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Sunny, Celeb-Filled and Diverse: Why South Florida is the Ultimate Destination

Sunny beaches, beautiful people, good food, peace, and quiet, partying, mild winters, low taxes, and high-quality living are just a few of the things people think of when someone mentions South Florida. For years, it has been a destination for celebrities, families, and sun-chasers from all around the world. South Florida cities rank as some of the most diverse in the state. It is a key international hub for the entire country. Miami International Airport served 44 million passengers in 2017 with half being international travelers. It is truly an international destination.

All the indicators suggest that South Florida is an ideal investment opportunity. However, many investors may be troubled by the “Great Recession” of 2008, a time when Florida was hit particularly hard. Thankfully, there are some key differences between that time and today. Higher incomes, stable growth, and responsible ownership all point to a sound economy in South Florida, cementing it as an ideal place for a new investment.

What’s different now?

Higher incomes

There are three key features of post-2008 wealth in Miami-Dade County that make it an excellent investment opportunity. Population growth, low unemployment, and median household income all point to a sound foundation in Florida.

Since 2008, the population in Florida has grown from approximately 18.5 million to almost 21 million as of 2017. With no sign of slowing, people continue to move to Florida in droves. Miami-Dade County’s population alone has risen by more than 270,000 residents, in the last 10 years. The demand for housing will continue to increase. A logical question would be: What happens to these people when they move to Florida?

Just prior to the recession, Miami-Dade’s unemployment rate was 3.1 percent. Unfortunately, by the time the dust settled in August of 2009 unemployment had spiked to a whopping 12.4 percent. Since that time, however, it has fallen precipitously to levels not seen since the mid-2000s. In fact, it has nearly made a complete recovery.

At the same time, between 2010 and 2016 median household income increased by 14.3 percent.

In real estate a key factor, of course, is housing prices.

Stable Growth

Prior to 2008, real-estate values were rapidly increasing across the country, particularly in South Florida. Miami-Dade saw an increase of 84 percent in just a four year period. While this sort of growth is exciting in the short term, it is completely unsustainable. This was proven when housing prices fell nearly 40 percent in just two years, bringing much of the economy down with it. 

The good news is that, while recovery has been slower, it is significantly more stable. Over the past 5 years, housing prices in Miami-Dade have increased an average of 10 percent a year. This is a much more predictable, but very strong growth pattern.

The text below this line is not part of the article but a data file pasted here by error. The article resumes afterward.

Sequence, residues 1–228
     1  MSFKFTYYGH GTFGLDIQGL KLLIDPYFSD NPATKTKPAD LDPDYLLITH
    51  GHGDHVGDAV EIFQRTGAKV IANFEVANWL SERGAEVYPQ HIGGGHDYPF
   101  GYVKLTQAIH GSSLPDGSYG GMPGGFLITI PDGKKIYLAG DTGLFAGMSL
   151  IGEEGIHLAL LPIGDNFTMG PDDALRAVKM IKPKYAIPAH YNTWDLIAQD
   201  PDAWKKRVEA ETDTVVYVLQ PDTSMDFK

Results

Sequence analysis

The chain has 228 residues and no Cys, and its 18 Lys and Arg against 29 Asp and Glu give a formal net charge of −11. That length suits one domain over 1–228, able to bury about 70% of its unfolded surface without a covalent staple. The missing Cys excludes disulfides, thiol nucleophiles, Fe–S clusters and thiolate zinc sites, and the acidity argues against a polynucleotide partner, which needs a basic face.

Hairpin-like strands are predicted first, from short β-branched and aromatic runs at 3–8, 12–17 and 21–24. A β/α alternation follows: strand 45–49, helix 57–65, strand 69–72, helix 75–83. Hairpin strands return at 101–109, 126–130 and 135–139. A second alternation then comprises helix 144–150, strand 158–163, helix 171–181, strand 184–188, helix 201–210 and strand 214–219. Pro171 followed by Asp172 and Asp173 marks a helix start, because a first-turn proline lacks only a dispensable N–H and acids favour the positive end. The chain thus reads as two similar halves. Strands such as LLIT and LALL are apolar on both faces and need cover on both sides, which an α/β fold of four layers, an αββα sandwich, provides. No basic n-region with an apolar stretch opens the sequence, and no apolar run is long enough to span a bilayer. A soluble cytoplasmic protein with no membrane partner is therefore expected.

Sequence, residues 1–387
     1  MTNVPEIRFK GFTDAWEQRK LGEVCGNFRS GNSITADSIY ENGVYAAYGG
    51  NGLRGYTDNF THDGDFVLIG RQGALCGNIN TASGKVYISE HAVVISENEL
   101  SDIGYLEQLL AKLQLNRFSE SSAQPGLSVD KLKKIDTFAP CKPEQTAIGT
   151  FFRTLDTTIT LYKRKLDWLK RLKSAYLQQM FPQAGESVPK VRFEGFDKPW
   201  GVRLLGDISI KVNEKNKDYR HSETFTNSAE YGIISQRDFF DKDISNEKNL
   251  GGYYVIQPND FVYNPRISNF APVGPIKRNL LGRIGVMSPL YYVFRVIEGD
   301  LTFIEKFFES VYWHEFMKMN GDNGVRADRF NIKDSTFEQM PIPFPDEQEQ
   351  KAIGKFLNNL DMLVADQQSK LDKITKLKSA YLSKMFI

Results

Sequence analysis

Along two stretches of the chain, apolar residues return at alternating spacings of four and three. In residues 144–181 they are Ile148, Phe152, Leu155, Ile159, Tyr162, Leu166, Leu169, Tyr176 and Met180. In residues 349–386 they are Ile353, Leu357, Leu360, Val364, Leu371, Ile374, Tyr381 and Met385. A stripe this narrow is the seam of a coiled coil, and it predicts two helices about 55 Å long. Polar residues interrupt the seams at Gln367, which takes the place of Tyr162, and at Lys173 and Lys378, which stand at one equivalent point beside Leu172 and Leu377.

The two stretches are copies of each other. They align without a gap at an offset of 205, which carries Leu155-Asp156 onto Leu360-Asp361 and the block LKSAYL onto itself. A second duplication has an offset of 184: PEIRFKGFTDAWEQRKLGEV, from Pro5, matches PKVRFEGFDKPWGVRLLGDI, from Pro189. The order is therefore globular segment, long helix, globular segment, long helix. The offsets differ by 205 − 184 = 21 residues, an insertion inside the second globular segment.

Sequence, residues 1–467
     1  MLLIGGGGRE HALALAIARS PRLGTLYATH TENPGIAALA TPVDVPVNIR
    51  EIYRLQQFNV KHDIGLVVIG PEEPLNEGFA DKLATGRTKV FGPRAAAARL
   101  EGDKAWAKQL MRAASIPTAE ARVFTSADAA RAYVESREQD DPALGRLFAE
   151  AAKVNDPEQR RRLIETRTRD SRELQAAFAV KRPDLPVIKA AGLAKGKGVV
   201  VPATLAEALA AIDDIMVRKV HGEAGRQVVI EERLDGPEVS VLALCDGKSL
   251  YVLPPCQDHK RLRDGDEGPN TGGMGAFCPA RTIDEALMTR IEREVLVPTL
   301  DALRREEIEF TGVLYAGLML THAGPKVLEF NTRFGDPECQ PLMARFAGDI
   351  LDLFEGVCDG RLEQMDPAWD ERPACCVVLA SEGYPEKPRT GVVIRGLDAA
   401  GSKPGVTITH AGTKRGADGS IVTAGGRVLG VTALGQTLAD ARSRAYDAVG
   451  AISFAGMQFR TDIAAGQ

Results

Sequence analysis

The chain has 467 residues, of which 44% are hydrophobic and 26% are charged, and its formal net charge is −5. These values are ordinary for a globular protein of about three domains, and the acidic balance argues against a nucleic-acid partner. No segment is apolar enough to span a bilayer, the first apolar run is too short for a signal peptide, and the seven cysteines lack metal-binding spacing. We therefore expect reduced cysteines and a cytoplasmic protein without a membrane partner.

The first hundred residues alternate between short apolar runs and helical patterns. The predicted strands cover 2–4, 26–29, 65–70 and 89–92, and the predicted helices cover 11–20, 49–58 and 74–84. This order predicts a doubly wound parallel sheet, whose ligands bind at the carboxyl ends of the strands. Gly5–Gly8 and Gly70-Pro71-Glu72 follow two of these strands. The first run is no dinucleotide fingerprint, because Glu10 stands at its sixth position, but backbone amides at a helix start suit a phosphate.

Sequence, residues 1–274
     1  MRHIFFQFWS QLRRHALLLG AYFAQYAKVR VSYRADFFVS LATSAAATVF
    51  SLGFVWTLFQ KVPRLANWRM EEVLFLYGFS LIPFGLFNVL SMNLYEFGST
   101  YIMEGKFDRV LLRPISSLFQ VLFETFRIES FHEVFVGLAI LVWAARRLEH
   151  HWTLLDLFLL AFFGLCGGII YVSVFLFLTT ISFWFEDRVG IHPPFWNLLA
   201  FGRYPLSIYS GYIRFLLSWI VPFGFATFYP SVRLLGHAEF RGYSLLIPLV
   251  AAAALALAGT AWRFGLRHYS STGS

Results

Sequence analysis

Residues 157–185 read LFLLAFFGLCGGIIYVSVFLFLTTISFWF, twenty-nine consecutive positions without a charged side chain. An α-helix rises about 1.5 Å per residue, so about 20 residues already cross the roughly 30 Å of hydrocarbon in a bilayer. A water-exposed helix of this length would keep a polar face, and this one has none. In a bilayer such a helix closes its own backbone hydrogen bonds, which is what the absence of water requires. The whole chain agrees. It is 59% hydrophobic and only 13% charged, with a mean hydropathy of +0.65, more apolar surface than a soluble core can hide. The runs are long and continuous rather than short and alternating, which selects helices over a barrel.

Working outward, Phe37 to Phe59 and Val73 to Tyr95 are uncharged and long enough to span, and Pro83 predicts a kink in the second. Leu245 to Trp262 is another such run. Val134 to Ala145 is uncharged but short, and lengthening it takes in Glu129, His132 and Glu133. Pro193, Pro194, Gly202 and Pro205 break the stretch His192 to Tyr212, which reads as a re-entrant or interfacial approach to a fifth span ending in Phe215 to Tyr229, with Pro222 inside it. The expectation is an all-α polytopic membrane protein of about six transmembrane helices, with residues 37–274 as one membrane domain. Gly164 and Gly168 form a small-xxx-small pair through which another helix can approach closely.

Additionally, one crucial variable was present in the pre-2008 housing market that is markedly better now: mortgage default rates.

Responsible Ownership

It is now well known that mortgage defaults were one of the main catalysts for the collapse of the housing market in 2008. Many people purchased homes they simply could not afford and banks let them do it, hoping to protect themselves with “good loans”. As it turned out there were too many bad loans to protect these investments and it all came crashing down.

The recent data, however, suggests that people are farther more responsible with their credit. The Census Bureau considers a “burdened household” anyone who pays more than, “30 percent of their income towards rent or mortgage expenses.” In 2010, this number was 56 percent, in Miami-Dade. It has fallen consistently 1 percent a year so that by 2016, the number was down to 51 percent with no sign of slowing.

According to the U. S. Bureau of Economic Analysis, since 2009, personal income in Miami-Dade has risen by 41 percent.

The combination of a lower debt to income ratio, with increased wealth, show positive trends in the South Florida housing market. As people get wealthier and move to the area, demand for luxury housing will go up. But, unlike in 2008, residents are more certain to pay back their loans. This provides security of investment that was not present in the years leading up to 2008. 

The Future of South Florida Investment

One indicator of a healthy economy is a strong housing market. South Florida, now more than ever, is an excellent choice for investment. Bolstered by an increasingly wealthy population, a favorable business climate, and a strong tourism industry we are seeing no signs of slowing growth.

Lower federal tax rates, Florida’s low state taxes, combined with a 75 percent increase in commercial loans, will foster significant business growth in the area. Florida’s economic foundations are strong and are only getting stronger, a wise investor will seize the opportunity to ride the climb.

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